From camp cook to Pacific campaigner
Howard Kellehear never went to school. So when the 35-year-old father of five, from country New South Wales, signed up to the Royal Australian Air Force (RAAF) in September 1941 he did so as a trainee cook. A letter of reference described him as a ‘strong type of country bush worker’—he had cut and hauled logs, and cooked at camp. His initial test showed he had a ‘fair knowledge of plain cooking, no knowledge of fancy cooking’.
Within weeks Howard was posted to Melbourne’s Exhibition Buildings, where he studied cookery at the RAAF’s No. 1 School of Technical Training. But six days after his arrival, Howard was seriously ill in hospital. He took 79 days sick leave before returning at the end of December but missed Christmas with his family and took another week of sick leave in January.
His wife, Nell, wrote often trying to lift his spirits. ‘Dear you must cheer up & don’t get the blues & please don’t drink any more beers until you are really well,’ she wrote on 5 January 1942. Somehow her letters were pushed between gaps in the floorboards of the Exhibition Building—whether Howard meant to hide them for safety, or discard them, may never be known. The letters were rediscovered nearly 50 years later.
His illness meant Howard failed his cook’s course, but by April he was deemed suitable as an aircraft hand. He was transferred to Rathmines RAAF base, just a two-hour drive from his home in Wingham, NSW. In February 1943 he passed a test to be a transport driver. ‘Excellent driver with good knowledge of roadside repairs…but requires more practice in reversing,’ his report said encouragingly.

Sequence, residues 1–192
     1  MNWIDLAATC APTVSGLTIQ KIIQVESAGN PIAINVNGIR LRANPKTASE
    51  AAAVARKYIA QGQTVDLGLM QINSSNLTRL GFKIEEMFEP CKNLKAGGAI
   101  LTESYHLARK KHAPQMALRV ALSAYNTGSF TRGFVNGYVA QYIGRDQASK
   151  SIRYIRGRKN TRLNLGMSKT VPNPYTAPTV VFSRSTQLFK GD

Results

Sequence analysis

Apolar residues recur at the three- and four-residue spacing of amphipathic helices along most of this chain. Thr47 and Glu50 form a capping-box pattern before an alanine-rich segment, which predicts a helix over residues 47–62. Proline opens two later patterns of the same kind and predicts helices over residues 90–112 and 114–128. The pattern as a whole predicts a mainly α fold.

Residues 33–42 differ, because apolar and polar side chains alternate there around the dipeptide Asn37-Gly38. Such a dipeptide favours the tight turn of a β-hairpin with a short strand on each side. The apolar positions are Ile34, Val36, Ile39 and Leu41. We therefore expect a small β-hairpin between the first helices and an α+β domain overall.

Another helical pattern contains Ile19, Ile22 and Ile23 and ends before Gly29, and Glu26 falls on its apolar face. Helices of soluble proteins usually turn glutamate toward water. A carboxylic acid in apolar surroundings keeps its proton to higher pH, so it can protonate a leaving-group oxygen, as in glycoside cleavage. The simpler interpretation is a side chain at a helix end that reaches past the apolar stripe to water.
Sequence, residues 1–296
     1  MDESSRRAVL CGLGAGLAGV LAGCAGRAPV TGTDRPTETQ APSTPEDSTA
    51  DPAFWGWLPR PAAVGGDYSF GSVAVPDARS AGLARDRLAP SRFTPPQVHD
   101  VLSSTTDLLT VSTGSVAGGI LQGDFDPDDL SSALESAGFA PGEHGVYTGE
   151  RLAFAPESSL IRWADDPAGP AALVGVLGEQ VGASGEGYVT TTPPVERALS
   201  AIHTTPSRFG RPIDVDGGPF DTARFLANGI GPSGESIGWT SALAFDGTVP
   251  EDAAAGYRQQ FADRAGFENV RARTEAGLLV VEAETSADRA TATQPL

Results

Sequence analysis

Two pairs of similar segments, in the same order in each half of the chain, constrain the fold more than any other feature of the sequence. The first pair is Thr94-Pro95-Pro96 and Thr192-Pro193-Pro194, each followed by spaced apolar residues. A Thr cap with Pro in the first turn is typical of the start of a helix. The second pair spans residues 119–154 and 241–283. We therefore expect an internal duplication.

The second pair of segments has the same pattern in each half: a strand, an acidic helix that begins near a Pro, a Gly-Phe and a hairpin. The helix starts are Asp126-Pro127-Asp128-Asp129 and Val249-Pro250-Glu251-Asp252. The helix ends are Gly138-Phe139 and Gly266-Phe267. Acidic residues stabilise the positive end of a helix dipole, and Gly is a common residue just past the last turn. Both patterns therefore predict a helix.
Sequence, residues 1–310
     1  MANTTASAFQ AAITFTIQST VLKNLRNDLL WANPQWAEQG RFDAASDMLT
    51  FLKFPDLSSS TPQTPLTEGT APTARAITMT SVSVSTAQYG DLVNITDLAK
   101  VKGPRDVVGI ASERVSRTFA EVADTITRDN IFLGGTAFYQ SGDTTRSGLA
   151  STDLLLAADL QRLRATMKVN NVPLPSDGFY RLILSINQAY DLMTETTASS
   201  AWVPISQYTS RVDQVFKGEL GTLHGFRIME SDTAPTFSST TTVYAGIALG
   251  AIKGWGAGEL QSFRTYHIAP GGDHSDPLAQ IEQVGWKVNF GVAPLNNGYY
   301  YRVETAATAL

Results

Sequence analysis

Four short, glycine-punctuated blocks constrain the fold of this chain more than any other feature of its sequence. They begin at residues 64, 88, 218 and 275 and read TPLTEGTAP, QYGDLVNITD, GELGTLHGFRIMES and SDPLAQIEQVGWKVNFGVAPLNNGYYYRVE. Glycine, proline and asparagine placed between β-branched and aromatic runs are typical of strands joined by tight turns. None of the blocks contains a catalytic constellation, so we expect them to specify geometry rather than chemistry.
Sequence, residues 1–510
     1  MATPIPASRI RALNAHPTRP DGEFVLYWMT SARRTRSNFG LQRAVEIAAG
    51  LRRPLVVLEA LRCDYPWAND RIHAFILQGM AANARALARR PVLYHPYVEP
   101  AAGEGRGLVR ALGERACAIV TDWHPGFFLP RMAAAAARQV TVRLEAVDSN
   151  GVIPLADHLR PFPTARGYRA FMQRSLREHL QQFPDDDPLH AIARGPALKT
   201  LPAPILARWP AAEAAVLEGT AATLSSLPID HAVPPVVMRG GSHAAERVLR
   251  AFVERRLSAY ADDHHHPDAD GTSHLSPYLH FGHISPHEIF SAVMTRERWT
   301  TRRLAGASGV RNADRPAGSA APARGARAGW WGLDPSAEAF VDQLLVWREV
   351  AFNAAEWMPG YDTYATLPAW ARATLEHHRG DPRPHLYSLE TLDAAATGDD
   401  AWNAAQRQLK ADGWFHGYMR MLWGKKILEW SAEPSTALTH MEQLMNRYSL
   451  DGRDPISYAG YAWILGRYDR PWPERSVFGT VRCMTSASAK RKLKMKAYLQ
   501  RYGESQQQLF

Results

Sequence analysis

Howard’s hometown threw him a going-away party on 2 April 1943, before his deployment to the Pacific Campaign. The mayor said he had ‘always been a good citizen and a good husband, and those two qualities are a great thing in our national life’.
Howard served in New Guinea and Borneo from May 1943 to September 1944. But a few months after his return to Australia, Howard had had enough. He requested to leave the RAAF to return to civilian life as a farm hand on a dairy back home, near his wife and children. His plan was delayed by another return to hospital in January the following year, and Howard was eventually discharged on 13 March 1945—reunited with his family, as he had long dreamed.